Chook was born in Tasmania and left school in 1973.  I quickly became ‘committed’ to my alcoholism and by 1977 I was in South Australia charged with armed robbery.

Intro by Rowan Johnstone, Relationship Manager – Southern Queensland, The Salvation Army Australia Territory

Chook has been in continuous recovery for 17 years and for the last decade as a resident of Southport he has been volunteering with The Salvation Army’s Gold Coast Recovery Services based in Southport, caring for others who have shared a similar life journey, and determined to make a difference. Chook shares his story with warmth, a deep sense of humour and a raw honesty developed over many years of sharing in in the 12-steps programs and addiction recovery as a participant and a facilitator.  

Alan “Chook” Rossiter (left) with Broadwater Southport Rotary Club Meeting Chair Laurie Hamilton

My Story

I was born in Tasmania and left school in 1973.  I quickly became ‘committed’ to my alcoholism and by 1977 I was in South Australia charged with armed robbery.
I don’t use my childhood as an excuse but looking back I do see that an unhealthy self-image contributed to my addiction.
Yeah, there was a broken home and the old man had an anger problem and us kids lived in fear all the time, but that’s not what makes me an alcoholic.
It is what happens in my mind prior to me taking a drink and in my body after I take that drink.
I start and I can’t stop. What I now understand is that the first time I had a drink, was the first time I felt ‘normal’. 
I think the fundamental thing that contributed to my alcoholism was that I believed there was something wrong with me.
This was untrue, but I believed it and that alcohol could fix it. 
Staying awake all night wasn’t always possible. I was in the grip of unrelenting alcoholism and more often than not, I’d collapse.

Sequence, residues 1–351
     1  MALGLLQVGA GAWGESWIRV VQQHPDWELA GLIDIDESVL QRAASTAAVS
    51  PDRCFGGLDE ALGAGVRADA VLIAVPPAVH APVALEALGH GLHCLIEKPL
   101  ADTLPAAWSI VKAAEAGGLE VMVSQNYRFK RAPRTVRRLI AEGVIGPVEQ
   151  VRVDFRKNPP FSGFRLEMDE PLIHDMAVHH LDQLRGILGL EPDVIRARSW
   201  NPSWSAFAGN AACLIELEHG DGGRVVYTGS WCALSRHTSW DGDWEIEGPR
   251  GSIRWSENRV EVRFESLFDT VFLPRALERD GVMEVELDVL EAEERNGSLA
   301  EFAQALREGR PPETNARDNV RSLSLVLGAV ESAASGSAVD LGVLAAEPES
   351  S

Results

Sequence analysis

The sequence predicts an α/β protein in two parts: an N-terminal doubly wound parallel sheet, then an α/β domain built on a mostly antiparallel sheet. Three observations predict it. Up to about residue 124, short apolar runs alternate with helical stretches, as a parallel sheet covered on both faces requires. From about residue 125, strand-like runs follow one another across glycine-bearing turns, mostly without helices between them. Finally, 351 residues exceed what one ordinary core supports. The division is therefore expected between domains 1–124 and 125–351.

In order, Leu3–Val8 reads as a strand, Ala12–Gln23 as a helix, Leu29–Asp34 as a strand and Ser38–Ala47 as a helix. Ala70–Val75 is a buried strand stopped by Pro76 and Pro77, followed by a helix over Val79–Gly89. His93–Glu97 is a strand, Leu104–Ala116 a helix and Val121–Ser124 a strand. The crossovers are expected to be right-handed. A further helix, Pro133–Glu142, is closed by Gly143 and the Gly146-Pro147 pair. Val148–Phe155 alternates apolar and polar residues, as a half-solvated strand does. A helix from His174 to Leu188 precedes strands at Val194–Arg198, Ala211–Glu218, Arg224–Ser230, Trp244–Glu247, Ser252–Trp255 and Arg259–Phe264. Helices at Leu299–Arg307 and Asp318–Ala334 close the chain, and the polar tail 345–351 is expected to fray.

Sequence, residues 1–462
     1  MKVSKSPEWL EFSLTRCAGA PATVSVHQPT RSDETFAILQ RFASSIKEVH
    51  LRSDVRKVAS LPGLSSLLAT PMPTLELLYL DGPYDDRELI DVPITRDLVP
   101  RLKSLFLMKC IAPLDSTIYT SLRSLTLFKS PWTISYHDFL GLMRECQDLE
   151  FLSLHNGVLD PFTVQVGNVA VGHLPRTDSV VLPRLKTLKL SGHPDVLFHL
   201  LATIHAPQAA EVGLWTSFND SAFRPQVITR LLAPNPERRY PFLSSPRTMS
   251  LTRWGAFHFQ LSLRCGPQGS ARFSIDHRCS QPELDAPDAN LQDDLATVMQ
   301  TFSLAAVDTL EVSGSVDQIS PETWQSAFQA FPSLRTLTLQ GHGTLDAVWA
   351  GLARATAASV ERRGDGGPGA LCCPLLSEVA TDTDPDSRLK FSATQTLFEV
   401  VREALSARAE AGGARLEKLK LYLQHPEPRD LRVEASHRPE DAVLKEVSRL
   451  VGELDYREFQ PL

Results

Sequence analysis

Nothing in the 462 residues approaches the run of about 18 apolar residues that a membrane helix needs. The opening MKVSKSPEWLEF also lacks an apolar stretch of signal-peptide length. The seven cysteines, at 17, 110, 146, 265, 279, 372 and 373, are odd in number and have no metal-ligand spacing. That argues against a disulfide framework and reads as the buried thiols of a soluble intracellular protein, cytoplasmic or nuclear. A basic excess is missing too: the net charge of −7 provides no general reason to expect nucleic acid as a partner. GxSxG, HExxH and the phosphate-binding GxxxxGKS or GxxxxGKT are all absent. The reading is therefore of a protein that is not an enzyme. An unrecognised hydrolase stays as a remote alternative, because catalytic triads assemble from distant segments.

Often, I would wake up in the police cells or in hospital. 
Addiction saw me spiral downwards into poverty and homelessness. I was a loner and once I started drinking, I wouldn’t eat. I could go a week or two with no tucker.
In the often near-zero winters of Tasmania, I lived under a bridge for some time, but I had to move from under the bridge, because I kept falling in the river.
"That’s not much fun in Tassie I tell ya. Especially when you only own one set of clothes!” I spent 10 years living rough.
You try and find a sheltered spot, but then when you stop moving, you get cold pretty quick.
Unless you have some bedding, or cardboard or plastic or some covering, you are better off moving all night and then maybe you can go to sleep in a patch of morning sun.” 

Talk about how you did your best not to be seen by police (and why you now were bright shirts)

In 1996, I found some stability and moved to Queensland for a job. I managed to control my drinking, but only for a time. Feeling without any sense of hope, one day, I took two full two bottles of prescription medication.
I basically laid down to die.
But I woke up the next morning!
It was then I thought maybe I’ve been wrong about life. 
It was after that I became fully committed to recovery.
I knew the true nature of my alcoholism and I finally understood that I must do what I need to do, whether everyone else does it, or no-one else does it, I must.
I found my way to a detox unit and from there, was offered a place in The Salvation Army’s residential recovery program.

Talk about the day you went to the Salvos admission and assessment place

It took me 10 and a half months to complete a 6 month program. At my graduation they said you can do another 6 months if you want, which I didn’t take as an insult. I now see it as a ‘God job’. I moved into the service’s transitional housing and was then supported to put my name on a community housing list. I finally secured long-term accommodation and remain there today.  
Looking back, I believe I was offered the hand of God, guiding me through to stability and recovery and providing me with a home.
I’ve got a very childlike faith. I basically accept there is a God and I’m not Him .. but .. I must remain in the ‘freshness’ of my faith. My reliance on God has to begin all over again each day as if nothing has yet been done.
Every day as I walk in my front door, I feel a real sense of security and peace. My home is my retreat and a place of safety, security, and warmth. It is even sweeter because for fifteen years, I had no-where to call home.